The shadow of Munich hangs over Russia-Ukraine Paris peace talks

French President Emmanuel Macron shakes hands with Russia's President Vladimir Putin, at his summer retreat of the Bregancon fortress on the Mediterranean coast, near the village of Bormes-les-Mimosas, southern France, on August 19, 2019. Gerard Julien/Pool via REUTERS

The first round of Normandy Format talks in more than three years will take place in Paris on December 9, bringing together the leaders of Ukraine, Russia, Germany, and France. It will be the first face-to-face meeting between Volodymyr Zelenskyy and Vladimir Putin since the Ukrainian won the presidency in spring 2019 promising to end the undeclared war between Russia and Ukraine. This has led to heightened expectations that a breakthrough may be possible in a peace process that has remained stalled ever since the second round of Minsk Agreements in early 2015. While not everyone shares this optimism, the talks look set to send some important signals regarding the prospects for peace in eastern Ukraine and the future direction of Europe. After Paris, we should have a clearer idea of whether promoting national interests and appeasing Russia are more important to Paris and Berlin than defending European values and securing longer-term strategic interests.

Ukrainian President Volodymr Zelenskyy is approaching these peace talks in an unenviable position. Committed to seeking an end to the war in the Donbas, he is under strong pressure at home not to give in to Moscow’s bullying tactics. A newcomer to diplomatic bargaining, he will be looking Russian President Vladimir Putin in the eye for the first time and cannot afford to blink.

At the same time, the Ukrainian leader will also have to watch his back and hope his country’s longtime allies remain reliable. In light of Ukraine’s centrality to the impeachment proceedings currently dominating Washington, the degree of support he can expect from US President Donald Trump is questionable. As the Washington Post put it on December 1, this “significantly weakens Zelenskyy’s position,” particularly as “German Chancellor Angela Merkel and French President Emmanuel Macron….will likely lean on the Ukrainian to make concessions to the Russian ruler, because a deal would allow them to repair European relations with Russia.”

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The role of French president and summit host Emmanuel Macron certainly appears dubious. Macron has recently focused his foreign policy on ingratiating himself with Putin while sounding more and more like his predecessor Charles de Gaulle, both in his criticism of NATO and his references to a Europe encompassing Russia and stretching from the Atlantic to Vladivostok. Ahead of the early December NATO summit in London, the French leader declared that Russia is no longer the enemy of the alliance and called for closer ties with Moscow. This is hardly what Zelenskyy, the leader of a country at war with Russia and with aspirations of its own to join NATO, wants to hear from a European “partner.”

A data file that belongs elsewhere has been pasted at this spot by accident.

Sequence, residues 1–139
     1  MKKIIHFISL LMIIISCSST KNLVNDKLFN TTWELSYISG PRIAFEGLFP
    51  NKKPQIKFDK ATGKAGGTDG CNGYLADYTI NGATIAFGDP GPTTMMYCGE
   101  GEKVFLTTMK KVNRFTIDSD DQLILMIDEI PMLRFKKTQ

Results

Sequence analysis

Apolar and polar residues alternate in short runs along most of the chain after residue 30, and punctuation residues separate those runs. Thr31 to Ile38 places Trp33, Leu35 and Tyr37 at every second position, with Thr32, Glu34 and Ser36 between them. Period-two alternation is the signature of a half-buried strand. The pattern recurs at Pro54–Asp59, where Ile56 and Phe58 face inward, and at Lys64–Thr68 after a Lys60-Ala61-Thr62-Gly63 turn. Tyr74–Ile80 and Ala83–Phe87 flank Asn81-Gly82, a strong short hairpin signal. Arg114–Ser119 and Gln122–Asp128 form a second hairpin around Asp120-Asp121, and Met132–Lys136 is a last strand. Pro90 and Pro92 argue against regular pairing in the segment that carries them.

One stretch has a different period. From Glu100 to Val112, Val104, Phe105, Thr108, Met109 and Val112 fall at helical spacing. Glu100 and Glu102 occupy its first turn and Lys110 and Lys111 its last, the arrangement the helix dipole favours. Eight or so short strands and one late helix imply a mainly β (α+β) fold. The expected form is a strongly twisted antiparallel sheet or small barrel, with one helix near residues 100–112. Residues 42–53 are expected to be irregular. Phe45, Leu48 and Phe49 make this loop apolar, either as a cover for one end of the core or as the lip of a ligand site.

There have been more encouraging signs of support from Berlin, where Macron’s views on NATO and EU enlargement have sparked considerable disquiet. Although Germany is in the final stages of completing the Nord Stream 2 gas pipeline project that is highly damaging to Ukraine’s interests, it is also pressing Moscow to maintain Ukraine’s role as a gas transit country.

During a recent visit to Kyiv, Germany’s Foreign Minister Heiko Maas affirmed that the role of Germany and France in negotiations on a Donbas settlement is to uphold the territorial integrity of Ukraine rather than act as neutral mediators. He stressed that Berlin wants Moscow to acknowledge the steps Ukraine has taken to meet Russian preconditions for next week’s summit. “In our opinion,” he told a press conference on November 19, “now it’s Russia’s turn to realize what has been achieved as a result of the negotiations. We need to measure it with results and actions.”

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Few expect Russia to be in any mood to compromise. Instead, the Kremlin continues to insist that a breakthrough will only be possible if Ukraine recognizes the “authorities” that Moscow itself has installed in the so-called Donetsk and Luhansk People’s Republics, and deals directly with them. Russia also rejects suggestions made by the Ukrainian side to revitalize the moribund Normandy Format by including additional participants such as the US and UK.

This leaves Ukraine looking to Germany and France for support at a time when Paris in particular appears more interested in publicly courting the Kremlin. Macron should perhaps heed the lessons of the past. His predecessor de Gaulle also played the Russian card and visited the USSR in 1966. Two years later, Soviet tanks crushed the Prague Spring, dispelling the illusions he had nurtured about the creation of a joint Europe together with Russia.

Given his own country’s bitter experience with Alsace and Lorraine, Macron should understand better than most why Ukraine needs unambivalent support in withstanding aggression from a powerful neighbor and regaining annexed territories. Instead, his insistence on the need for improved relations with Russia has inevitably led to comparisons with the appeasement policies of the 1930s. None of us can afford to forget what happened at Munich in 1938, when the British and French prime ministers Neville Chamberlain and Édouard Daladier naively pursued the policy of appeasement toward the Putin of their day. This makes next week’s Paris summit crucial not only for Ukraine, but for Europe as a whole.

Bohdan Nahaylo is a British-Ukrainian journalist and veteran Ukraine watcher based in Kyiv, Ukraine. He was formerly a senior UN official and policy adviser and director of Radio Liberty’s Ukrainian Service.

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